Episode 2
Morpho: Rethinking liquidity markets

Our guest today is Paul Frambot, who is the founder of Morpho Labs and the Morpho protocol. Paul and Morpho are tackling the problem of capital inefficiency in DeFi by improving lending and borrowing rates by matching both sides peer-to-peer. 

In this conversation we explore, how Morpho works, what makes them unique, how this model improves the lending and borrowing experience upon Aave or Compound. We also dive into how Exponential is assessing the risks of Morpho and the existing mechanisms to mitigate them.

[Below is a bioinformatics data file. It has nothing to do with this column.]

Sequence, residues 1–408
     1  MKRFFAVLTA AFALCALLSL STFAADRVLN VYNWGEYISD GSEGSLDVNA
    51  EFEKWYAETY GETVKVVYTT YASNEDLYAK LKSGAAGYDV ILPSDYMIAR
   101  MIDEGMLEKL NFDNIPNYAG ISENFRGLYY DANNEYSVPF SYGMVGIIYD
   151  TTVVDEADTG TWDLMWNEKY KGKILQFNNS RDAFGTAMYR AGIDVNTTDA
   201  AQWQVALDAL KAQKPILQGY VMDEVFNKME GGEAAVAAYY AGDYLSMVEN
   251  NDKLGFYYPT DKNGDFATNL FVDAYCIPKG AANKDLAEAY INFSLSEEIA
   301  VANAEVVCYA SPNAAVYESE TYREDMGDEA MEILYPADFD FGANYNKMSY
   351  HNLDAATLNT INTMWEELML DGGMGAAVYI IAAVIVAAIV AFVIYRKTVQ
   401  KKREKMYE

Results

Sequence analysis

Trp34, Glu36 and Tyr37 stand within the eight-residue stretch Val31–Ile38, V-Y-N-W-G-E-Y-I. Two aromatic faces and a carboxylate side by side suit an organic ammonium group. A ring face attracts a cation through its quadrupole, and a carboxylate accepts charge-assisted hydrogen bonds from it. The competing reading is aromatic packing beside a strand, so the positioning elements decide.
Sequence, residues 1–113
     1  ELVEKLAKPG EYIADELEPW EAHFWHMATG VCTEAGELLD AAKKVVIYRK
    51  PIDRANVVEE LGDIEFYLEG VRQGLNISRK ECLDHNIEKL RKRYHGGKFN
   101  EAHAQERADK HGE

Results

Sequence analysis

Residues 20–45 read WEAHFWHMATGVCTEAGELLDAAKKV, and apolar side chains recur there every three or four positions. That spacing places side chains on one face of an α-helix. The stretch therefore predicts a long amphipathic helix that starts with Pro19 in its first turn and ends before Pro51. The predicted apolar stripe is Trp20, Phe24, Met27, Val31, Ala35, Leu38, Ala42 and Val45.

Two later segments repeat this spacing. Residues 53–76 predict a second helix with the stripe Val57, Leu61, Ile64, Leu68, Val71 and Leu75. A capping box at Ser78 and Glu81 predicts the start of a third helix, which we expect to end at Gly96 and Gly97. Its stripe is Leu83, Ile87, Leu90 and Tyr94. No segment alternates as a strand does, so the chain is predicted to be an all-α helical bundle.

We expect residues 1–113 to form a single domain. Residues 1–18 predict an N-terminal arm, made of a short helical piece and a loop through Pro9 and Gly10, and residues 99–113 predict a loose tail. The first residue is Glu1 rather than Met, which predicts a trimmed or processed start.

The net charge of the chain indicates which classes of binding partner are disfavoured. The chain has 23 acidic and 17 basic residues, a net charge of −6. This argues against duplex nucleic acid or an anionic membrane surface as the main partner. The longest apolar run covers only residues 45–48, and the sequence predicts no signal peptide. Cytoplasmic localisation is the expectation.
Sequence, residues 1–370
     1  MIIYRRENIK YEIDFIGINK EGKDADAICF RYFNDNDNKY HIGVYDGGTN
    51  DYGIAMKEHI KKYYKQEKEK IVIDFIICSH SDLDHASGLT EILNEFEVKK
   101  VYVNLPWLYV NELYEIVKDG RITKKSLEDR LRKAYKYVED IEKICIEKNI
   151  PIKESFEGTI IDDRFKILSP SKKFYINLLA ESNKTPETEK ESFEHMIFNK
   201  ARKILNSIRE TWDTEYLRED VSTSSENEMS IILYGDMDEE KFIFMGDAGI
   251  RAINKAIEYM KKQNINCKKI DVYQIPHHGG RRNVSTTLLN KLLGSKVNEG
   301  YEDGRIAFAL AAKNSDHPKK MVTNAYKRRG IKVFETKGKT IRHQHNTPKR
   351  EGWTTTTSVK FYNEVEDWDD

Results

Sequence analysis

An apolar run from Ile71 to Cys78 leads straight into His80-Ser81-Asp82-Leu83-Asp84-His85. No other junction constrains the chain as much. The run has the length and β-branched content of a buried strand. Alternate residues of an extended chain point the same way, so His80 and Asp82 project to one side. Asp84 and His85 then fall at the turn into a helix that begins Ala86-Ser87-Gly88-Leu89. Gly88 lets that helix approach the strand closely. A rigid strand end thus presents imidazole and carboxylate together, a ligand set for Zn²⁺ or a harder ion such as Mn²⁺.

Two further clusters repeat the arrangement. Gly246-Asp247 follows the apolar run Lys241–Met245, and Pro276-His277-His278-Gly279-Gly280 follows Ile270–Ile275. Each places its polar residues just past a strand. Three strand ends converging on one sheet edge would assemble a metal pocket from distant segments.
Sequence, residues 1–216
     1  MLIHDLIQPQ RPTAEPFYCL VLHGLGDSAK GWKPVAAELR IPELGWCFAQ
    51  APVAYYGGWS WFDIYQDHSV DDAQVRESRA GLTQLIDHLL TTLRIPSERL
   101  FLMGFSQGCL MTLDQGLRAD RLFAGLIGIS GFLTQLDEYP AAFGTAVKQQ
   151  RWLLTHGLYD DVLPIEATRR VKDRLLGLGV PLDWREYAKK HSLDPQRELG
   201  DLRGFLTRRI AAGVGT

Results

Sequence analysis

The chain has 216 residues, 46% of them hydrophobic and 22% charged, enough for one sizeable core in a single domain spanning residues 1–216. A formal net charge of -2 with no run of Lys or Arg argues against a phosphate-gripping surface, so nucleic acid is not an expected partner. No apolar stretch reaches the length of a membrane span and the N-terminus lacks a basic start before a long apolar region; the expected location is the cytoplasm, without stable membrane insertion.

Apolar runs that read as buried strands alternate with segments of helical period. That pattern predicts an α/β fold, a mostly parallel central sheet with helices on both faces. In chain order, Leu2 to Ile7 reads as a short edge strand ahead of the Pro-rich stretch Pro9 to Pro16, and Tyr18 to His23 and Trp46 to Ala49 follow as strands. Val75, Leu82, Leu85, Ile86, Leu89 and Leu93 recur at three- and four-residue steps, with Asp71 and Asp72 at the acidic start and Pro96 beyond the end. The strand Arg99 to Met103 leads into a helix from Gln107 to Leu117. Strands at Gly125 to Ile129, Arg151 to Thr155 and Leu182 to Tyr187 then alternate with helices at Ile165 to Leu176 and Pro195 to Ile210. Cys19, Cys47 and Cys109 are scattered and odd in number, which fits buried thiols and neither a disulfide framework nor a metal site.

This is Degen Responsibly, a series by Exponential DeFi, where we're on a mission to bring rationality to the industry and also make it more accessible to more investors. In this series, we like to explore some of the latest and greatest protocols in DeFi, understand together with our builders, what makes them unique, how can investors benefit, as well as, of course, what are some of the key risks to look out for. I'm Oscar, I run products at Exponential, and today we have Paul and Morpho as our featured guests. Great to have you here, Paul. Yeah, thank you very much for having me. Nice, nice. Before we dive into Morpho, I was like starting asking a little bit about how your DeFi encrypted journey started. How did it start for you? Yeah, definitely. Basically, I was in high school at the time, so it was six years or seven years ago. Was interested in decentralized algorithms and consensus algorithms and went to like forums and ended up into Bitcoin and consensus algorithms around that. And in the beginning, it was purely technical, like interest for decentralized algorithms. So I did studies in that field, was almost going to do a PhD on that realm. But progressively, I was more and more interested into Ethereum and not only the layer one and consensus layer, but more the execution and smart contract layer. Yes. And yeah, went to smart contracts and then DeFi. And in DeFi, literally lost like everything that we could do with it, but also like what you could change from traditional finance. So started exploring DeFi protocols from a, I would say, theoretical point of view where I would like model protocols with some friendly researchers and try to see what could be proved about the existing stuff that we have. And ended up with the Morpho implementation, I would say. Nice. So what type of background do you have? So yeah, math and computer science. So I did like in France, so Basel and French. And so I had like two years in preparatory classes. So those are like two years of intense math classes and then went into computer science and on distributed algorithms with like a more academic research-oriented kind of series where I was in the PhD track before switching over to DeFi, basically. To DeFi. Yeah, nice, nice. So you're literally building the future of France, which is- Yeah. Yeah, that's what everyone is saying. Everyone says- The French DeFi protocol. Exactly. Nice, nice. And then why or when did you decide to go all in to DeFi and start building Morpho? So I mean, it's just that we came up with like a model of the lending pools. So like Avin compounds. And we had a lot of thinking around, you know, the mechanism where you have a lot of people supplying liquidity into a smart contract. Some people, you know, taking that liquidity in order to borrow and like having yield curves, rate curves, and all of this seemed to be quite inefficient because you have a ton of, the intuition is that you have a ton of idle liquidity in those protocols. And so it just felt like an obvious problem to tackle. And so we came up with different ideas and one of them was such a, I'm not so objective in this, but it was such a beautiful thing. Like the Morpho algorithm at its core, it's such a, like theoretically, it's such a great abstraction and very cool concepts in there. And it just felt the right thing to go for. So I decided to stop my studies there and say, okay, let's do a company, Morpho Labs. And we raised funds and then like with funds, you're a bit, you feel a bit safer about like, you know, living your dream. So yeah, that's the way it was decided. Nice. So when you would look at AverCompound, you would ask yourself, like why is the utilization rate so low or how is this idle capital just sitting there? And that was the main insight that drove me to design something better. Yeah, and even the concept of utilization of the capital, right, it's just like, it's in itself proving that we're not utilizing everything, right? It's just, you have more lenders than borrowers on Compound, but that should not even be, right? You should find somehow a middle ground where you have as many lenders and borrowers. And of course there are reasons why this is not the case and on Compound and Aave. But I mean, the most obvious way to think about it is that you just go to the Compound.finance page or the Aave.com page, and you look at the rate gap, like you look at the lending rate, the borrowing rate, and like there is the 3% APY gap. And this gap is implicitly due to the fact that you have a ton of idle liquidity, of unused liquidity, et cetera. And that's basically what struck us, like it was like, okay, how is this thing supposed to be the future of finance? I love the Aave and Compound implementation, but I was like, this thing needs improvements. It needs to go to the next stage in order to be competitive with the traditional finance rates. Because of course, when you have liquidity mining and everything, it's competitive, but like as of today, you look at the rates of Aave and Compound, and it's usually below 1% while traditional finance is offering crazy rates, right? So at the era of DeFi summer and yield, that is pumped by like governance and everything, governance tokens, we were dominating like traditional finance, but now that it's just mechanism design and not token design, that we don't have those tokens to pump everything, then it's working, it's not so, it's not working so well, right? So that's the point we think we should be tackling with Morpho. Nice, so interesting. To me, it seems that you're trying to build a way, trying to build lending and borrowing in a way that is self-sustaining instead of liquidity mining based. So a more sustainable protocol than what it exists. Yes, no, definitely. And I think like the current implementation of Aave and Compound is right. Okay, like there is use cases for that. It is truly working, but my point is that without liquidity mining, those models are less relevant. And drastically less relevant. And for a long time, we thought that it was the end game, right? Of lending. Because you had this liquidity mining, hiding it all, right? You were basically hiding that the rates were not good without liquidity mining constant forever. So yeah, that's basically the goal here is to find some paradigm that is, provide competitive rates that are competitive with traditional finance and achieving stuff that reaches such a level of efficiency that the people in the real world say, hey, we should be using this, not just because it's decentralized, but because it's better or the same and decentralized, right? And decentralized. Yeah, totally. I mean, let's just go right into Morpho. Like explain to us, like we're five, how does it work? Yep, definitely. So Morpho is a lending protocol. So actually it's multiple lending protocols. So you have one lending protocol for each existing lending protocol. So if you have compounds, you have Morpho compounds, which is lending protocol, optimizing compound. If you have Aave, you have Morpho Aave, another lending protocol optimizing Aave. And so the question is like, what do we optimize for? And the answer is basically like the rates, right? If you have a huge rate gap, it's like 1% to lend, 3% to borrow. Well, Morpho is going to offer like 2% to lend and 2% to borrow. Because like, I mean, if I want to lend $10 at 2%, I should be able to find someone that is buying them at 2%, right? Otherwise it's like, it's not win-win, right? Morpho is basically that, you know, realizing that compound and Aave are not optimal in the sense that there is a win-win situation in which like lenders are earning more and borrowers are paying less. So the way it is done is basically that Morpho Aave users are going to be matched peer-to-peer in order to get this peer-to-peer API, which is in the middle. And if there is no match that it is found, then they fall back on the underlying pool. So let me give you a quick example. Like for example, I'm Alice and I want to supply, to lend 100 DAI to Morpho Aave. Well, let's say I'm the very first person on the protocol. So Morpho is going to put that money on Aave and the DAI is going to yield that 1%, okay? And then a borrower comes in and like Bob is going to provide ETH as collateral and is going to borrow 100 DAI. And what's gonna happen here is that basically Morpho is going to withdraw this 100 die from Abbe in order to give it to the borrower directly. Here you get the intuition that Alice was at 1% on Abbe, but now she's going to be matched peer-to-peer with Bob and she's going to earn 2% and Bob is going to pay 2%. So that's the idea and of course whenever there is one of the two that it wants to withdraw or wants to repay, well Morpho is going to basically fall back to the underlying lending pool. It's going to like break this peer-to-peer relationship and replace the one that is missing by compound or by Abbe. So that's the base mechanism of Morpho and from a product perspective, it's really like the same thing as Abbe in compound, like you lend and borrow cryptoassets, you have the same risk parameters, so like you have the same anti-liquidation threshold or collateralization ratio or whatever you want to call it and you have also access to the same liquidity. So if you want to borrow billions, then you can borrow billions and that's what's pretty cool about Morpho in my opinion. Nice, nice. So lots of things to unpack because this is quite a novel protocol design, I haven't seen something similar that works on top of existing lending markets. So I have quite a few questions if you don't mind. I think let's start with the most obvious one, which is why do these spreads exist? Like if a lender is getting let's say 2% but then the borrower is paying 8%, why is that spread so high in the first place? Yeah, definitely. So that's a great question because of course there's a reason for it and actually the reason is liquidity. Basically the way Compound and Abbe are built is not lending protocols. And by the way, at some point Abbe, when they rebrand from Ethland to Abbe, decided to move away from this lending storytelling and is more like the liquidity protocol storytelling. Well basically they have a ton of idle capital and this capital is necessary. So why is it necessary? Is that because Abbe is offering something that other protocols and even in traditional finance is not easy to have, which is instant liquidity. So if you have capital on Abbe, you deposit capital in the second after, you'll start earning yields. And if you want to withdraw like whenever you want, then you'll be able to withdraw. And if you want to borrow whenever you want, you'll be able to withdraw. And most importantly, if you want to liquidate at any moment, then you'll be able to. And the reason why you're able to do that is that because there is a ton of idle liquidity. So liquidity that is not borrowed by users. And the reason why it's not borrowed is because Abbe and Compound introduced on purpose a gap between the lending and the borrowing rate. So borrowers are paying too much. So it's really disincentivizing borrowers to borrow all the capital. And the more the utilization of that capital is high, the riskier it gets. And so the more the interests are going to rise and the gap as well, by the way. So borrowers will have to repay or lenders will be incentivized to join and thus maintaining some sort of base liquidity in the protocol to favor the exit of any position. Got it, got it. So let's say that Abbe and Compound, while they are great on their own rights, there are a few trade-offs with capital efficiency, as I'm paying attention to what you're saying. On the first hand, not all of the capital can be utilized. And that's by design to enable lenders to withdraw liquidity. On the other hand, they have really robust collateralization mechanisms. And so what you're trying to do is improve on that capital inefficiency. Yeah, exactly. And the idea is to take no trade-off from a market perspective. So it means that on Morpho, we want to be enabling more efficiency with the same liquidity guarantees and the same risk guarantees. Yeah. Of the underlying protocol, either Abbe or Compound, today. Yes. Yeah. Nice. And then you have this innovation, and do you have a sense of who is lending and borrowing on Morpho? And what are the types of users that are coming to the protocol? Okay. So that's a tough one, but we've been live for four months now. We have close to 300 millions deposited in Morpho. Yes, congrats. Yeah, thank you. Actually, that's not only me, that's the whole community, but I'm pretty happy with this metric, obviously. But I would say it's divided in different classes. So the first one is protocols themselves. So if you look at Morpho, you have, for example, the Volt stablecoin by Volt protocol that is now backed by Morpho, where basically all the collateral is put in Morpho to generate yields. You have the Origin stablecoin that is doing the same. You have this Pool protocol that is basically introducing Morpho to upgrade their stablecoin yields from lenders from Aave or Compound. You have Instadap, we just announced yesterday, and by the way, we have a Twitter space with them in less than 30 minutes. So Instadap users as well that are more or less some sort of leveraged users that are doing these STETH loops that are super efficient on Morpho, by the way. You can get really good rates on Morpho thanks to this. Nice, I like the alpha drop. Yeah, that's a lot of diverse... To be responsible, you have to take L-factor and everything, and of course, the STETH effect. So that would be a way to... Data-driven STETH is like Degen responsibly. Yeah, yeah, exactly. And yeah, so I would say, yeah, that's mostly it. But what we're seeing is that it's mostly Compound and Aave users that decided to integrate Morpho to have this optimization layer, right? So it's sort of like how to find those few extra basis points on the yield. If you have Vault, Origins, Pool as some of the marquee users, then they're helping their own users optimize yield. And so they can get 3% instead of 2% on Aave, just for the sake of the example, then they're definitely better off by switching their liquidity to Morpho than keeping it on Aave with a very similar risk profile. Yeah, definitely. And no, that's absolutely right. And I think like, yeah, I don't have anything to say in the end. No, that's good. How about a couple of other questions? For instance, one of the points that we briefly touched on was that in peer-to-pool models like Aave or Compound, the pool needs to have excess liquidity at all times because that's one of the key value props for lenders and you can withdraw liquidity at any time. But then that has a huge trade-off with capital efficiency. So for Morpho specifically, how would a lender get liquidity on their position if it's matched peer-to-peer to a borrower? So that's an excellent question. And that's actually one of the cornerstones of how the Morpho protocol is built. So the scenario is the following. So we have Alice that deposited 100 DAI into Aave, so fully liquidated at 1%. Then Bob is supplying ETH as collateral in order to borrow 100 DAI. So Morpho is going to match Alice and Bob peer-to-peer. So they're both going to have 2% yield and borrowing API on Morpho. And then if I'm correct, the question you're asking here is, what if Alice wants to withdraw? Like the money's gone, like literally Bob is gone offline, right? He took the 100 DAI and he's not here anymore. And now Alice has this 100 DAI in her hands. And so here's how the magic happens. So basically Morpho as a protocol is going to use the ETH of Bob that is used as collateral in order to take a loan on compounds and give the DAI to Alice directly. So what's happening here is that Morpho is breaking the peer-to-peer relationship between Alice and Bob, and at the same time is going to reconnect Bob with the lending pool. So Bob as a borrower was at 2% rate, and he's now reconnected with Aave and is thus going to pay a bit more, which is 3%. But it's still the rate of Aave, so it's still... better than, so the same as Aave, and Alice can withdraw at any time because the funds were borrowed. So that's, I hope that was clear, it's not the easiest mechanic of Morpho, but basically it's using the collateral of the borrower that we are going to borrow from the pool itself in order to have Alice exit at any time, as long as the pool has the borrowable liquidity of course. Yep, interesting. I have a couple of follow-up questions on that. So on the one hand you have the borrower, Bob, who will need additional collateral on top of what he supplied on Aave already to borrow, or is it the same collateral? No, those are the exact same requirements, and that's a bit what I was referring to when I mentioned how Morpho is this quite beautiful algorithm in itself, because it's literally the same thing. You have the same requirements to have, because basically in order to borrow 100 DAI from Alice, he was supposed to, let's say, supply 120 Aave. And at the moment, Alice wants to withdraw while either Bob still has enough to collateralize his position, and then Morpho can use it to borrow on compounds, or he has not, in which case he is liquidated. So from a user perspective, from the borrowers, you're only shifting, let's say you're shifting your position from Aave to Morpho to get that improved rate, and then everything else is worked out in the back end through the contract. Yes, so same liquidation threshold, same loan-to-value, and also very important, same oracles as well. So same everything basically, and liquidation systems. But a better rate. Yeah, but at a lower cost for borrowers, and also your collateral is growing faster, because you're on Morpho as well. So those are good things. However, we have to know, there is some extra lines of code, right? So Morpho has to be transparent. So that is that, okay, in theory, that is better, but you still have the risk, which is, we can talk about it maybe a little bit later, but there is the smart contract risk, which is minimal, but still, I can say this is literally the same thing. Yeah, I'll get to that in a few. Amazing. Yeah. In fact, we can start talking about risks is my next question. If we look at how different lending markets work, some of them are isolated markets, so you can only supply and borrow one specific asset at the time. And then you have the Aave model in which you can provide multiple assets as collateral and borrow across that pool of collateral. And that is risky for lenders, because it means that the protocol is only as resilient as the weakest asset. So there's always contentious discussions in governance forums of why should the protocol list or not a specific asset, because that could literally take down all of the liquidity in the system. For Morpho, is there a similar concern or risk from a type of collateral perspective? Yeah, so it's exactly the same thing. So literally, so actually, no, it's a little bit less risky on Morpho, but I'll be explaining that in a second. So on Aave, you have a ton of collateral and different collateral, especially on Aave compared to Compound. And the Aave token orders have to decide on the risk of each token accepted as collateral. And especially if it's liquidatable, if people can use it to liquidate and this kind of stuff. And it can present a systemic risk for the overall protocol that can be sometimes very important. So it's very important to be cautious about that. And if, since Morpho is based on top of Aave, of course, if Aave suffers from a hack, then Morpho will also suffer from it. If you're a matched peer-to-peer, maybe there's a chance that you can avoid it. But I mean, I would not rely on that. You could consider Morpho hacked if Aave got hacked. And Morpho is somehow inheriting from this collateral risk as well. So the only difference that on Morpho, we are a bit more conservative is that we list less assets than Aave and Compound. And the reason is that those assets sometimes have smart contract risk and just implementation risk. Like for example, ST-ETH, we did not list right away. It took us a bit of time because it's a special token and we want to make sure we do all the due diligence and stuff around it. And also because there's a ton of tokens that Aave listed, but it feels like the Aave community is regretting those listing rates. So we were like, okay, should we really? Because listing a token is easy, but unlisting a token is super hard. It's not impossible. So we were like, okay, let's only list the tokens that we know are going to be super important for the development of the protocol. And we have FRAX, for example, that is not listed, but the FRAX community proposed that the FRAX should be listed on Morpho. So we have been examining the possibility and presented the results. So as Morpho Labs, the results of our analysis on the governance forum, and maybe at some point it will be proposed. So we can still increase the number of assets used in Scalachro, but my point is that we may not do all the assets listed in the protocol if the community decides not to go for it. Yeah. In the base layer. Yeah, that makes sense. It's always so contentious to decide whether to list an asset or not. It's almost like taking a bet on which will be the assets that will for sure exist in the next, I don't know, two to three years. And you can make an informed guess to say, okay, ETH, Bitcoin, the stable coins, but then what else? And that's when it becomes really tricky. Yeah, definitely. Yeah. Great. And so let's talk about that layer of smart contract risks. We do call out in our research report on Morpho that you're exposed not only to the risk of Morpho as a protocol, but also the underlying liquidity pool, whether it's another market or the compound market. I think just as a start for this section of the conversation, why did you decide to build on top of Avian compounds? Why them? The answer seems like it's mainly two things. They've been here for a lot of time. Not only do we trust the code when we started, but we also trust the token holders. And what I mean by that is in a lending protocol, token holders are an important part of the protocol in itself because they decide on the risk parameters. And you have to have that confidence in a community in order to build on top of something. So at the time, there was no really compelling solution other than compound and Aave. So that was the reason why we decided to go for both of those protocols. But apart from that, it was really late. But really, even in terms of volume, they had a lot of liquidity when we started the protocol. So since then, it has reduced a lot. But when we started, it was probably maybe a few months before we started, it was probably near to 30 billions for Aave and around 20 or 15 billions for compound. Now it's a lot less, but still quite important. Yeah. Yeah. A lot less due to price action, but maybe as a slice of the pie, it's probably as relevant as always. And you mentioned that the incremental risk of using Morpho was minimal. Can you expand on that a little bit? Yes. So from a market risk perspective, so from the risk parameters of the liquidation, et cetera, it's the same. However, there is extra code and extra code is like, we all know like solidity and everything, like a lot of protocol got hacks and I like to take it very seriously. And this is why, by the way, Morpho has undergone, I think, close to our 15th audit. So we've literally done 15 audits on the same code. That seems a bit crazy, but it's never too much crazy when you see all the hacks and everything. So yeah, basically securizing as much as we can through a ton of audits with the best player in the space. So we had trade-off bids, we had chain security and spear bids. We have, by the way, huge announcement coming on that very soon on our end. But we have solidify that went through the code, Pessimistic, Omnisia. So a ton of auditors, even front-end audits were performed on Morpho. But we don't stop here. We have an immunified bounty for like 500k and most importantly, we have formal proving of the protocol. So we have a contract, like we are partnering with Satora in order to use the formal proving tool. But compared to other companies or the protocols in the space, we have in-house formal prover and we take that very seriously. I'm a big fan of formal proving. I think that's a huge part of the end game of DeFi. So we have formal provers in-house that are building formal proofs for the Morpho protocol. That's quite impressive. We call out the facts in our research report on you guys. It is a fact that it's probably one of the, if not the most, audited protocols we've seen across the 150 plus we've done research on. So big kudos on taking security seriously. Yeah, amazing. By the way, I would be very interested if you have the counts of audits of every protocol. I'd be very happy to know if Morpho can brag about this, which I think is a good thing to brag about. Yeah, definitely. I can send that info to you after the space. Yeah, definitely. Great. I think that the last question about Morpho specifically is, do you think this could be done without using a base layer like Aave, Compound? Could this work as its own protocol, vertically integrated protocol? Yeah, so it's an excellent question. And we are a team of 20. The protocol V1 has been done for like three months, I would say. No, more than that, like four or five months. So there's not much more to do about V1, obviously. Of course, there's a ton of things to improve and everything. But obviously, we have like 15 engineers working on many different things, including the questions you're raising. For the moment, nothing has been public or announced from our end. So I'll stay quiet on everything we're doing. But we're exploring many things. And hopefully, we will be discussing a bit more of those in the future. In the future. Okay, that is fine. You can keep your cards close to the chest. And any plans that you could share about the Morpho token for the future? Right now, it's your governance token, as you understand. Yes, definitely. So at the moment, the token is the Morpho token. It's not transferable. So it's a bit like a Gearbox token, I think, which is also non-transferable. But basically, the idea is that... So initially, Morpho Labs and some other folks were the initial core team of the protocol. And obviously, we see the protocol as a thing that people can rely on forever. So this induces that you need, at some point, a way of doing governance at a world scale, and civil resistance and everything. So token voting is probably the only easy solution that we've found and reliable solution that we've found. I mean, that's obvious stuff. Anyone does that. But I like to justify the reason why we went for a token, because we had this conversation. And now on to transferability. Well, I think it could also be a great thing to have a token non-transferable in the first place. Basically, you can incentivize people to test the protocol and the benefit from governance power. But at the same time, we were not the one deciding what was the timing for the launch, what was the parameters for the launch, like the ways the token should have been launched and everything. So I think it's a great thing that we could first decentralize the protocol with the users and collectively decide what is the best thing for the protocol to do in order to do the token launch. And we did not want to bear that responsibility of choosing everything. And if the thing fucks up for some reason, that would be super stupid. Because token distribution to users is also super helpful because you get feedback from the users themselves. Even if they are farmers, even if they don't have best interest in the protocol, they are users anyway. And all opinions are welcome. And it's not just opinions, it's also weighted opinions and true governance power. So I think it was very important to have this first stage of non-transferability. Yep, that makes sense. I think one of the underlying things that we have discussed is there are so many one-way door decisions, like with governance and how you distribute tokens and what utility you assign to them, as well as which assets you list. It's such a different paradigm to build on the blockchain, given that it's so hard to roll back any of these decisions if you're wrong. Yeah, definitely. Definitely. Great, great. So we have five minutes left. I want to open the mic to the audience or also to you if you have questions about Exponential. I did not know about Exponential before the fundraising announcement. And my first reaction was like, okay, that's really needed because we talk a lot about APY, but we don't have the opposite, the other side of the metric, which is risk, right? And a little bit more consideration on what is a protocol you're getting into. And I think that was very needed to have a protocol that balances the two. Not a protocol, but an analytic platform. So I'm very glad you have people like Exponential building in that space. I think that's very needed. But apart from that, like nothing to say or ask in particular. Okay. Yeah, that's how we feel as well, that you always see quoted yields, but then you don't know what are you getting into? And that's one of the core tenets that we're trying to hold a high banner on as to, you know, beware of the risks. Yeah, definitely. Anyone with questions for either Paul or Exponential, feel free to request a microphone. All right. I think we don't have any requests for questions. Just want to say a huge thank you, Paul, for taking the time and joining the space. It was great to have you here, learn about Morpho and some of the programs with existing lending markets and also how you're innovating on top of that. You know, we like DeFi composability and Morpho is such a great example of how DeFi can build on top of DeFi. Yeah, amazing. Thanks again for having me and asking all those questions. And yeah, would encourage anyone to take a look at Exponential Finance before diving into Morpho and starting using Morpho and taking a look at the analysis that was done here. Nice. Thank you. Thank you. We also have a small surprise to all the attendees on the PoWAP app. So if you go to PoWAP.xyz, you can download an app and you can mint a PoWAP for this Twitter space. You tap on the plus sign in the app and the secret word is composable underscore lending. You will be able to mint your PoAP for the next like 12, 15 minutes. So be quick. Amazing. I'll do it myself. Yeah. Yeah, I get yours. The UND attended this space. Amazing. Thank you. Thank you very much. Awesome. Well, I know you have a hard stop. Thanks a lot, Paul. Thanks, everyone, for joining. See you on the next Degen Responsibly. We will have Origin Protocol as our guest. Stay tuned for updates. Amazing. Awesome. Thanks, Paul. Bye, everyone.